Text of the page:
Horizon: How video games can change your brain
- 16 September 2015
- From the section Technology
The video game industry is a global phenomenon. There are more than 1.2 billion gamers across the planet, with sales projected soon to pass $100bn (£65bn) per year.
The games frequently stand accused of causing violence and addiction. Yet three decades of research have failed to produce consensus among scientists.
In laboratory studies, some researchers have found an increase of about 4% in gamers' levels of aggression after playing violent games.
But other research groups have concluded factors such as family background, mental health or simply being male are more significant in determining levels of aggression.
What is certain is that science has failed to find a causal link between video games and real-world acts of violence.
But away from the controversy, a growing body of work is beginning to show these games in a different light.
Dr Henk ten Cate Hoedemaker is the man behind Underground.
In the game, players must guide a child and her pet robot out of a mine.
But this is no ordinary game. Dr Hoedemaker is a keyhole surgeon, and Underground is designed to hone the skills of his profession.
Players use adapted controllers that mimic the tools used in surgery - and those who perform well in the game also do better in tests of their surgical skills.
Around the world, other researchers are investigating the potential hidden benefits in video games.
At the University of Geneva, Prof Daphne Bavelier has compared the visual abilities of gamers and non-gamers.
In one test, subjects must try to keep track of the position of multiple moving objects.
She has found that individuals who play action video games perform markedly better than those who do not.
Prof Bavelier's theory is that fast action games require the player constantly to switch their attention from one part of the screen to another while also staying vigilant for other events in the environment.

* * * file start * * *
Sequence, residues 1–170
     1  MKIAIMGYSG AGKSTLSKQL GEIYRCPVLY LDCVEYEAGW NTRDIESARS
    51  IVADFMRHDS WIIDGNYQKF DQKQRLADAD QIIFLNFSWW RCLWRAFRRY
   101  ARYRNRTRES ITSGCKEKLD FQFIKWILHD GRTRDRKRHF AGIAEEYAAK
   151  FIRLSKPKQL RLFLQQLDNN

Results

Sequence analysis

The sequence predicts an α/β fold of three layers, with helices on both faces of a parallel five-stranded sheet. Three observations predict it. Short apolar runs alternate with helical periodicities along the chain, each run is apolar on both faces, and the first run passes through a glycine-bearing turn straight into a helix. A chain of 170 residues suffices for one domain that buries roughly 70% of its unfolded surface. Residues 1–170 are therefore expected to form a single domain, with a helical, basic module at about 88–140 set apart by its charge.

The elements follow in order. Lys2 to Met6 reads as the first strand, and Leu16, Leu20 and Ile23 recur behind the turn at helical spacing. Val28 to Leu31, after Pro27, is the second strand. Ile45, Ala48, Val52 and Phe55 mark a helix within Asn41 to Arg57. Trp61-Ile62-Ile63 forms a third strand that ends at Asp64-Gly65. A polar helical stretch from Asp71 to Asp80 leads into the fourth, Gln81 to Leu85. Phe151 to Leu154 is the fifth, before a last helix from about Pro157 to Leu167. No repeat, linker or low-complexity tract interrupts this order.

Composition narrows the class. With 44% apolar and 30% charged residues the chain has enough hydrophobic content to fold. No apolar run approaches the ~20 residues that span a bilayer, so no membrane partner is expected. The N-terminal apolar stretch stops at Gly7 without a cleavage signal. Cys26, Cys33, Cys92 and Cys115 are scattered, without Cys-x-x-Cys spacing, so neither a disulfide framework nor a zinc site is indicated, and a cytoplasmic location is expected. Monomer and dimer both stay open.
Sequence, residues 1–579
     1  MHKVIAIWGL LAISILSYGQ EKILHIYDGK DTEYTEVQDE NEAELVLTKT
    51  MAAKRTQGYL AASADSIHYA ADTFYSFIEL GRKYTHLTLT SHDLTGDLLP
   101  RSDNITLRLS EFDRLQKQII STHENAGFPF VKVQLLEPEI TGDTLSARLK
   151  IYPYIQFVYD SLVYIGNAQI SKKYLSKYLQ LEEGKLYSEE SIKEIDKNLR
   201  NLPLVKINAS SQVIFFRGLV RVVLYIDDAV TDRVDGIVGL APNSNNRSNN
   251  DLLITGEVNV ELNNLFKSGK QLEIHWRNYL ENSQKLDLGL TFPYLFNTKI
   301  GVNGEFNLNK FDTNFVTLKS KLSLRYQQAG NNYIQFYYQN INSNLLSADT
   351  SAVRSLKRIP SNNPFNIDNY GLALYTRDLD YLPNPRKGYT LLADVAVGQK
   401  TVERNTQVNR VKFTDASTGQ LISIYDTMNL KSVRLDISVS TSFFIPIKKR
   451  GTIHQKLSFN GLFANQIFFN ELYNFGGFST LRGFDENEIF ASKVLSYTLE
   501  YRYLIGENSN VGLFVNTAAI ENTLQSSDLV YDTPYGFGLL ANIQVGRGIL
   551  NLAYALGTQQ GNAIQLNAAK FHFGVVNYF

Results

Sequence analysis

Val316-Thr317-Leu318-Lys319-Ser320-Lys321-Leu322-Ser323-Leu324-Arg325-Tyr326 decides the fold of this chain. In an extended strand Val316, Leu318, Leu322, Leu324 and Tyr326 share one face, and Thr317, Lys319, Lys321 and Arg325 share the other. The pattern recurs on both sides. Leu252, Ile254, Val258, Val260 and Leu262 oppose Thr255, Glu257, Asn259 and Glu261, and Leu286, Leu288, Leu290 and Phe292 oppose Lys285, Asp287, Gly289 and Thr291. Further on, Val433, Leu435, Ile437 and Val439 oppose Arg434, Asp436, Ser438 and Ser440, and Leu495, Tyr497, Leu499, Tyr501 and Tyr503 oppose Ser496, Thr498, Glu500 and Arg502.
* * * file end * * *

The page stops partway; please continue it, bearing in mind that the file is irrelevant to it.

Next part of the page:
This challenges the brain, making it process incoming visual information more efficiently.
At the Max-Planck Institute of Human Development, in Berlin, Prof Simone Kuhn also researches the effects of the video games on the brain.
In one study, she used fMRI (functional MRI) technology to study the brains of subjects as they played Super Mario 64 DS, over a period of two months.
Remarkably, she found that three areas of the brain had grown - the prefrontal cortex, right hippocampus and cerebellum - all involved in navigation and fine motor control.
The visual layout of this game is distinctive: a 3D view on the top screen and a 2D map view on the bottom.
Prof Kuhn believes having to navigate simultaneously in different ways may be what stimulates brain growth.
Arguably the most exciting field of research is exploring the potential of video games to tackle mental decline in old age.
While electronic "brain training" games have long had enormous popular appeal, there is no hard evidence playing them has any effect beyond improving your score
But at the University of California, San Francisco, Prof Adam Gazzaley and a team of video game designers have created a game with a difference: Neuroracer.
Aimed at older players, it requires individuals to steer a car while at the same time performing other tasks.
After playing the game for 12 hours, Prof Gazzaley found pensioners had improved their performance so much they were beating 20-year-olds playing it for the first time.
He also measured improvements in their working memory and attention span.
Crucially, this showed that skills improved through playing the game were transferable into the real world.
To test whether off-the-shelf games might bring similar benefits to elderly players, the BBC's Horizon programme recruited a small group of older volunteers from a sheltered housing complex in Glasgow.
They learned to play a popular karting game, clocking up about 15 hours each over five weeks. Their working memory and attention spans were tested before and after.
On average, both these scores increased by about 30%.
Although this was only a small test, larger scientific studies will continue to explore the effects of playing video games.
Prof Gazzaley believes we are only just beginning to tap their potential.
"I'm intrigued with the idea that in the future a psychiatrist or neurologist might pull out their pad and instead of writing down a drug, writes down a tablet game times two months, and uses that as a therapy, as a digital medicine," he says.
Horizon: Are Video games Really That Bad? will be shown at 16 September at 20:00 BST on BBC Two and will be on iPlayer afterwards.